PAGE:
Sometimes Dr. Kinyon began class by asking us if we liked what we read, and for some reason, I always found that question complicated. It should be simple to say if we liked Baldwin’s writing. After all, this is an English class, and that is perhaps the most basic question she could ask of us. However, I think what made the question difficult for me to plainly answer is the content and context of Baldwin’s writings.
The America Baldwin describes is divided by racism and hate, so much so that he and other Black American writers left for Europe. In fact, Baldwin’s America and America in 2021 are quite similar. The very title of our course refers to the progress that still needs to be made in this country. “James Baldwin, From the Civil Rights Movement to Black Lives Matter.” We have had class discussions about how slavery became Jim Crow which became mass incarceration or The New Jim Crow. While I consider Baldwin’s writing captivating and smooth, I have not liked what I have read. A white family bringing their young son to witness the lynching of a black man. A black woman being raped by multiple white men. I do not like an America that allows, enables, and even encourages these situations.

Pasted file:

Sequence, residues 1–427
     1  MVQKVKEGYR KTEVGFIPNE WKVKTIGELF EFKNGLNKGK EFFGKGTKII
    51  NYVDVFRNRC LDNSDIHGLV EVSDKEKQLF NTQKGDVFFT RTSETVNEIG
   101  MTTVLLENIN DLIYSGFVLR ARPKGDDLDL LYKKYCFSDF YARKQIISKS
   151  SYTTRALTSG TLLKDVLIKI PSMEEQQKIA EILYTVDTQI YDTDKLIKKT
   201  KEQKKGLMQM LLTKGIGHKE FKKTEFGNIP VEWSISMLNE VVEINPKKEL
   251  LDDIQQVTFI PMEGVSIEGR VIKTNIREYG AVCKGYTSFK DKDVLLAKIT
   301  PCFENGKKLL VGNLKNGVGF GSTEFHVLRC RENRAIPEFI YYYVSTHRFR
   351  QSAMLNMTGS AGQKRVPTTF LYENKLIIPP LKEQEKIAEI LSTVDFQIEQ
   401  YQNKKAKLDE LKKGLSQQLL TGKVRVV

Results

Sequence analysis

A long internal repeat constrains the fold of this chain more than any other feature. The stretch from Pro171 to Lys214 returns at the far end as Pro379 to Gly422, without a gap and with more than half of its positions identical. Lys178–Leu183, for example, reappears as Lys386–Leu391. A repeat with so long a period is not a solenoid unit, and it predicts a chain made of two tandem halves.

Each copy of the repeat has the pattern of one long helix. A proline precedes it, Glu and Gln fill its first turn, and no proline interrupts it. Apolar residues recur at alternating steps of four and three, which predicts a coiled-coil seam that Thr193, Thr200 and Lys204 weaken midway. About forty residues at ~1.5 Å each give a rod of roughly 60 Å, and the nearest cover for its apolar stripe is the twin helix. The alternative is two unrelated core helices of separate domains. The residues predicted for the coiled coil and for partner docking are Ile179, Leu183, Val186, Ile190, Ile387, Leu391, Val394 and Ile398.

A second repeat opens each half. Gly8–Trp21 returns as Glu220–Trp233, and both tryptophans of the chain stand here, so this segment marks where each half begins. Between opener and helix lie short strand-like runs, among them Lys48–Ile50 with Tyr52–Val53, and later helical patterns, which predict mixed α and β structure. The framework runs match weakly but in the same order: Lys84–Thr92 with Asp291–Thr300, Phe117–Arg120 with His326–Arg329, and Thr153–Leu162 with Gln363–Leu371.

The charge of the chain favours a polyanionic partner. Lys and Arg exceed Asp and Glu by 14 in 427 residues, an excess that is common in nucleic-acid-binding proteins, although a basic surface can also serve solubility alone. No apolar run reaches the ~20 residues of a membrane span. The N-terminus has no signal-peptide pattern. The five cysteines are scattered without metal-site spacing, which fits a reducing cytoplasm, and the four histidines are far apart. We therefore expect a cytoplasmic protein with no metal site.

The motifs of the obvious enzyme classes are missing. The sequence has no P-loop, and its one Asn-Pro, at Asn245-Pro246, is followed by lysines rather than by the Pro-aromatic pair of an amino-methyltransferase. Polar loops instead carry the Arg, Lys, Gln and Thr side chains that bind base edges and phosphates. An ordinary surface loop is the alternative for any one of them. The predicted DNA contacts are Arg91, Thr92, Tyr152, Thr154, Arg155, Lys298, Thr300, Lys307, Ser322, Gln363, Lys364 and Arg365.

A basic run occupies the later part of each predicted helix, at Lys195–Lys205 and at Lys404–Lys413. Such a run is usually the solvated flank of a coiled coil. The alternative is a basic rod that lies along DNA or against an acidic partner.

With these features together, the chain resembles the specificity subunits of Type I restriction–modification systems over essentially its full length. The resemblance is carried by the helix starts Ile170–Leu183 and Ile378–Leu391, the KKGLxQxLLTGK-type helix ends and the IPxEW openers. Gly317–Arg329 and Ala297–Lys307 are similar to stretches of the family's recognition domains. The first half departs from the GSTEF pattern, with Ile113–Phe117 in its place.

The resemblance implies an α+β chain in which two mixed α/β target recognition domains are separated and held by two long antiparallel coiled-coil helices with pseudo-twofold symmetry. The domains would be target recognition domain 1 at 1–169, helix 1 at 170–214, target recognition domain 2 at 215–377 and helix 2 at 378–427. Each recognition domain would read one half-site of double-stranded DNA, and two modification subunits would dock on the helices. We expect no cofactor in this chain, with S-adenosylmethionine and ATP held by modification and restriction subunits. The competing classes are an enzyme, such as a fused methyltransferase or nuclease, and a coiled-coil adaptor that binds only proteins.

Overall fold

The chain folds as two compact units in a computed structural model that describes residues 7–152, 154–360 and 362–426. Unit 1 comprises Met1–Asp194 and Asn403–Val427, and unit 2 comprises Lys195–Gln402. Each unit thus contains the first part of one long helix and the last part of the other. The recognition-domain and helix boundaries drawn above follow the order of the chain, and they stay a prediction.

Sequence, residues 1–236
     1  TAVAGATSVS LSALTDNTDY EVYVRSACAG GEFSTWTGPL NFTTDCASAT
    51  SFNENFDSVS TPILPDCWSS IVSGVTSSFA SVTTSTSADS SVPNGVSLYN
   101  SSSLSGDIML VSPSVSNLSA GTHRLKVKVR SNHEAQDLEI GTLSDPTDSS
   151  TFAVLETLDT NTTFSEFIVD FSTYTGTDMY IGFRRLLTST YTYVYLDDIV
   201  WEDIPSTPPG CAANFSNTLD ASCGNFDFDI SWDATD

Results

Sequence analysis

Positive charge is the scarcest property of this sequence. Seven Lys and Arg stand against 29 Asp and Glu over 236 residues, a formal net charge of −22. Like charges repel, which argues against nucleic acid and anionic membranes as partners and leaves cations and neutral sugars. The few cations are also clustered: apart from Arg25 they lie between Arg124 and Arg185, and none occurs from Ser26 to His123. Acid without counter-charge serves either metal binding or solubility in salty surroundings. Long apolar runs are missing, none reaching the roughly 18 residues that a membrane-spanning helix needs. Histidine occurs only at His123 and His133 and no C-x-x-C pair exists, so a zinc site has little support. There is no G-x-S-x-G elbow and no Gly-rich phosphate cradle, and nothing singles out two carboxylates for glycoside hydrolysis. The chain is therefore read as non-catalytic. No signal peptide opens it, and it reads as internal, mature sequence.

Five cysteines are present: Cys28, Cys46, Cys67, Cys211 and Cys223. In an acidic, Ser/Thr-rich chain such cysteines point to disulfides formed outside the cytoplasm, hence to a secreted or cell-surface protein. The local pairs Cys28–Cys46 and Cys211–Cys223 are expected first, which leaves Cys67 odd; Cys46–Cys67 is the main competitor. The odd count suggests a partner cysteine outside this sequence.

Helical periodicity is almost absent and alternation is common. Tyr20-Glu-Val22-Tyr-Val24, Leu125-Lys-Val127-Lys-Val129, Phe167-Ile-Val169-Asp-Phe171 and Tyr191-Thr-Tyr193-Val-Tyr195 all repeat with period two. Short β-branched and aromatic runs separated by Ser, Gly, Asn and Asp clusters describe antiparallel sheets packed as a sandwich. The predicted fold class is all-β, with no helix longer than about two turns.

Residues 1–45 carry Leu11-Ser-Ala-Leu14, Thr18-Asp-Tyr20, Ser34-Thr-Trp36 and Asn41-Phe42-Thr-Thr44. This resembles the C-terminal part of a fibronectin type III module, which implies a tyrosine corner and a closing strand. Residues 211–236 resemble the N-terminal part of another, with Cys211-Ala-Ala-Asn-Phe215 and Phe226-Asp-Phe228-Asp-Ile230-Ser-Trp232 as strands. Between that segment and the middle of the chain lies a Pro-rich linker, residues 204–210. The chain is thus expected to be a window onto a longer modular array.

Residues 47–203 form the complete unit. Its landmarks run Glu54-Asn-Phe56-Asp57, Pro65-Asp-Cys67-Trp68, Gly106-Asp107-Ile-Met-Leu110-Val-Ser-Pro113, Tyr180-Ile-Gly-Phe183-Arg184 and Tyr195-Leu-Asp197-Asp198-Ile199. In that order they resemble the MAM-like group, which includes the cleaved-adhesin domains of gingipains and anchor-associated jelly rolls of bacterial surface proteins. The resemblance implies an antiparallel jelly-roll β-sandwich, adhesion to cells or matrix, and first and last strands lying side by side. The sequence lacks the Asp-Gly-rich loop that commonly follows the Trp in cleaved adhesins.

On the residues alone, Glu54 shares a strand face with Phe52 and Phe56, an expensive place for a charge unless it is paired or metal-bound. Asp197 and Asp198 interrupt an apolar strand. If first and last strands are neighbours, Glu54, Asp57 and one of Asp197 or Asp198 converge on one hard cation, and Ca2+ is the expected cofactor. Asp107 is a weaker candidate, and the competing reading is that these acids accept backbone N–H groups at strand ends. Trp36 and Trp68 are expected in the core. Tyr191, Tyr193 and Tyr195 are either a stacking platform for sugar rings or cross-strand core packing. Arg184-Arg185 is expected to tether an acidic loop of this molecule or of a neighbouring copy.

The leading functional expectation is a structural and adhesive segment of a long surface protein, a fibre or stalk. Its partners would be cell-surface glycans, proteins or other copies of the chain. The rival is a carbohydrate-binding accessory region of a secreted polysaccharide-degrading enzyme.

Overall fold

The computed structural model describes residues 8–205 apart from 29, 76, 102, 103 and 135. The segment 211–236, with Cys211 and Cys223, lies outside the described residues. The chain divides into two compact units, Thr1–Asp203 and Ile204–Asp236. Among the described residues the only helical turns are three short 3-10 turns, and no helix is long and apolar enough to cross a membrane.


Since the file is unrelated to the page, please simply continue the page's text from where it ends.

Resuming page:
I argue that Baldwin’s goal was not for us to like what we read. In many ways, he wanted us to feel the opposite. Upon reading “The Price of the Ticket” and “On Being White and Other Lies,” we all felt a desire to change this country. Baldwin wrote about America’s racism in the time of the civil rights movement, and now he calls us to think about it and write about it in the era of the Black Lives Matter movement. Though this is my final blog, I know this won’t be the final time I think of Baldwin’s arguments and consider how they inform our world today.